52. The Canadian statement is to the effect that: (1) the United Kingdom Government's approach directly affects virtually all the approximately 151,000 British pensioners resident in Canada; (2) indexation is a universal feature of social security systems and the United Kingdom's policy of arbitrarily restricting its application in respect of certain individuals is clearly discriminatory and contrary to acceptable international practice in the realm of public pensions; and (3) the United Kingdom's failure to index pensions into Canada is the reason why no arrangements on benefits or removal of barriers of exportability are contained in the Canada/United Kingdom Social Security Convention.
I. ALLEGED VIOLATION OF ARTICLE 1 OF PROTOCOL No. 1, TAKEN ALONE AND IN CONJUNCTION WITH ARTICLE 14 OF THE CONVENTION
53. The applicants complained that the failure to up-rate their pensions in line with inflation breached Article 1 of Protocol No. 1, taken alone and in conjunction with Article 14 of the Convention, and Articles 8 and 14 taken together.
Article 1 of Protocol No. 1 states:
“Every natural or legal person is entitled to the peaceful enjoyment of his possessions. No one shall be deprived of his possessions except in the public interest and subject to the conditions provided for by law and by the general principles of international law.
The preceding provisions shall not, however, in any way impair the right of a State to enforce such laws as it deems necessary to control the use of property in accordance with the general interest or to secure the payment of taxes or other contributions or penalties.”
Article 14 of the Convention reads as follows:
“The enjoyment of the rights and freedoms set forth in [the] Convention shall be secured without discrimination on any ground such as sex, race, colour, language, religion, political or other opinion, national or social origin, association with a national minority, property, birth or other status.”
A. The parties' submissions
1. The Government
54. The Government accepted that the applicants' complaint fell within the scope of Article 1 of Protocol No. 1.
55. Although the House of Lords had been prepared to assume that Ms Carson's foreign residence was a ground protected under Article 14 as falling within the phrase “or other status”, the Government disagreed. They pointed out that the Court had consistently held that “status” within Article 14 meant “a personal characteristic ... by which persons or groups of persons are distinguishable from each other” (Kjeldsen, Busk Madsen and Pedersen v. Denmark, judgment of 7 December 1976, Series A no. 23). That interpretation had more recently been followed by the Court in Budak v. Turkey ((dec.), no. 57345/00, 7 September 2004 ) and Beale v. the United Kingdom ((dec.) no. 16743/03, 12 October 2004). Choice of residence was not such a personal characteristic. They submitted that the decision to live outside the United Kingdom was a matter of choice rather than birth, and was not a choice dictated by the individual's conscience or deeply held belief system. It was difficult to see what core Convention value required the protection of choice of personal residence. Moreover, choice of residence in most cases inevitably led to a series of differences in the position of the person concerned, which flowed from differences in national systems, including social security systems. The differences between the positions of Ms Carson and her two chosen comparators did not stem from any personal characteristic by which persons or groups were distinguishable from each other, but instead from the different systems and conditions under which individuals had chosen to live. Alternatively, even if choice of residence could be regarded as a personal characteristic within the concept of “other status”, the fact that it was a matter of choice meant that, unlike for example sex or race, it did not require special scrutiny and “very weighty reasons” to justify a difference of treatment.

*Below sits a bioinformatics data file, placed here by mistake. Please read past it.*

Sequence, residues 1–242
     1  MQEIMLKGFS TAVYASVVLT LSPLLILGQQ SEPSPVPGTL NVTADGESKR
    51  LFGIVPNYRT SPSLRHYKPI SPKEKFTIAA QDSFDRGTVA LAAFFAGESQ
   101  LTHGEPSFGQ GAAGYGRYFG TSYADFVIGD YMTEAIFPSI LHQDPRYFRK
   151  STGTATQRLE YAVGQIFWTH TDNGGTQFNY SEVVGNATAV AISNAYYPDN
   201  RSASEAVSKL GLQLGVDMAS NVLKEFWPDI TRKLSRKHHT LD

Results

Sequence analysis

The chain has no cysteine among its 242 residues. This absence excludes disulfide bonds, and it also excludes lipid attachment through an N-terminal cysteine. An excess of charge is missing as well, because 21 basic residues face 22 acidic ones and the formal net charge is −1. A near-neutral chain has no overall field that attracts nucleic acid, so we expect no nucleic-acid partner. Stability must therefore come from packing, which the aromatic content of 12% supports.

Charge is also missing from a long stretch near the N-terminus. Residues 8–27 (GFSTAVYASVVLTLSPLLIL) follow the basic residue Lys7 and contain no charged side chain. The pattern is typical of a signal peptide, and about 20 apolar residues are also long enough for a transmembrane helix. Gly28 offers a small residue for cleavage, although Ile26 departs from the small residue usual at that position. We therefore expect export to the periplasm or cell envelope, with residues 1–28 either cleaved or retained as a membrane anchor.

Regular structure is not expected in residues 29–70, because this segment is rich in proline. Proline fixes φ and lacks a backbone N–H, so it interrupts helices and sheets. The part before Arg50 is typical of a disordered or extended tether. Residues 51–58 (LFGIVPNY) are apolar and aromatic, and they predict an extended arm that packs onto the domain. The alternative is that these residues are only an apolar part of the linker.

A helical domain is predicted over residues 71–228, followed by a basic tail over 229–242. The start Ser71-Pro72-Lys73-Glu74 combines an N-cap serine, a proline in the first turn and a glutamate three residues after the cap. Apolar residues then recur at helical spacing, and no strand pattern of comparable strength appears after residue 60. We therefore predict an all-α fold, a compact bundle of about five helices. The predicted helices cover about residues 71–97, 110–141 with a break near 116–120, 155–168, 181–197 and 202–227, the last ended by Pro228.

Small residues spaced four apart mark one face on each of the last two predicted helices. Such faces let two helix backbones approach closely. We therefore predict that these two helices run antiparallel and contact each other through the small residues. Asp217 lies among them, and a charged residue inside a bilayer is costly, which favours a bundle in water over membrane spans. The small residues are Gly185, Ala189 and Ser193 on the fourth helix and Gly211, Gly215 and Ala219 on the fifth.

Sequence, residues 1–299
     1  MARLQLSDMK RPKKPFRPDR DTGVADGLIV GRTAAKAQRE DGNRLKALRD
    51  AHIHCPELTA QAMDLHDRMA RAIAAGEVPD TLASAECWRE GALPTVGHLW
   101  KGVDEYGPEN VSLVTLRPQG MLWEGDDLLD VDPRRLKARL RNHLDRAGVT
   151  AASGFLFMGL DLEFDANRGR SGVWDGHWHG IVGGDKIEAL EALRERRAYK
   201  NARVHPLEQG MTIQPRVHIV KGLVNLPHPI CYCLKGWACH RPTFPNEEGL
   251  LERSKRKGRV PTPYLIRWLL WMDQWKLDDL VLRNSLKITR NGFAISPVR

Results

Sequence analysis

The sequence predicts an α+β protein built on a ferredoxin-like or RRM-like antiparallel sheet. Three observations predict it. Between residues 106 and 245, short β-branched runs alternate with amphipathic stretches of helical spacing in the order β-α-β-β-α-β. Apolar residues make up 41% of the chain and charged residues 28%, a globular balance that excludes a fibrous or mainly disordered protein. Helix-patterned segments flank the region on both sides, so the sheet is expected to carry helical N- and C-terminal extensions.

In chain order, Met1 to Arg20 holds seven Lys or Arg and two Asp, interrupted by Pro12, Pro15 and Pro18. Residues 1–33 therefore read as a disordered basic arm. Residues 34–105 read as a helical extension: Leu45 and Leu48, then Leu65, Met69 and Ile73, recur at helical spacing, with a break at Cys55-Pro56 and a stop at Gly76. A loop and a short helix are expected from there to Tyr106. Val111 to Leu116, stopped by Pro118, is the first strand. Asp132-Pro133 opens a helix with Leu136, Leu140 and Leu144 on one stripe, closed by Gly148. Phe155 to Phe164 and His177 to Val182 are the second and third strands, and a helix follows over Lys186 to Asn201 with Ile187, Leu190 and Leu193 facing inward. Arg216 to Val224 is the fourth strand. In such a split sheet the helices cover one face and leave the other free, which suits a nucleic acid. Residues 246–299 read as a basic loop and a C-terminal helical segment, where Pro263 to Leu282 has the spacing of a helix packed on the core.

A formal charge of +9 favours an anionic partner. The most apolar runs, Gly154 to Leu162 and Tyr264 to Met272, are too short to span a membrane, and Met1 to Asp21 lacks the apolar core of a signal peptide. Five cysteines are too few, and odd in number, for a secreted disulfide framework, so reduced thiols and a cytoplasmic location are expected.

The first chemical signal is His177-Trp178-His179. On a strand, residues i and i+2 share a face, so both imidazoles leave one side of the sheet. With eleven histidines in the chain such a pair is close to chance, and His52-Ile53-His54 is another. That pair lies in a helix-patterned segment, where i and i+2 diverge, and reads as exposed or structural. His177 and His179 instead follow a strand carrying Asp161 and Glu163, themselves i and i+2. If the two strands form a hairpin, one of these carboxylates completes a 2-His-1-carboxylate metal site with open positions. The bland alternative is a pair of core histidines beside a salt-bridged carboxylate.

56. Ms Carson and other pensioners living outside the United Kingdom were not in an analogous situation to those resident in the United Kingdom or, if they were, the difference in treatment was reasonably and objectively justified, as the national courts had found. Social security benefits, including the State pension, were part of an intricate and interlocking system of social welfare and taxation which existed to ensure certain minimum standards of living for those in the United Kingdom. Contributions to the National Insurance Fund could not be equated to contributions to a private pension scheme, because the money was used, together with money provided from general taxation, to finance a range of different benefits and allowances. Social security and taxation systems in other States were similarly complex and tailored to local conditions, including the cost of living. Differences between countries as regards the rates of inflation, interest and currency exchange further made it difficult to compare the position of residents and non-residents and justified differences in treatment as regards pension up-rating. For example, because of the depreciation of the rand, Ms Carson's pension, paid in sterling, was worth 20% more in April 2002 than April 2001.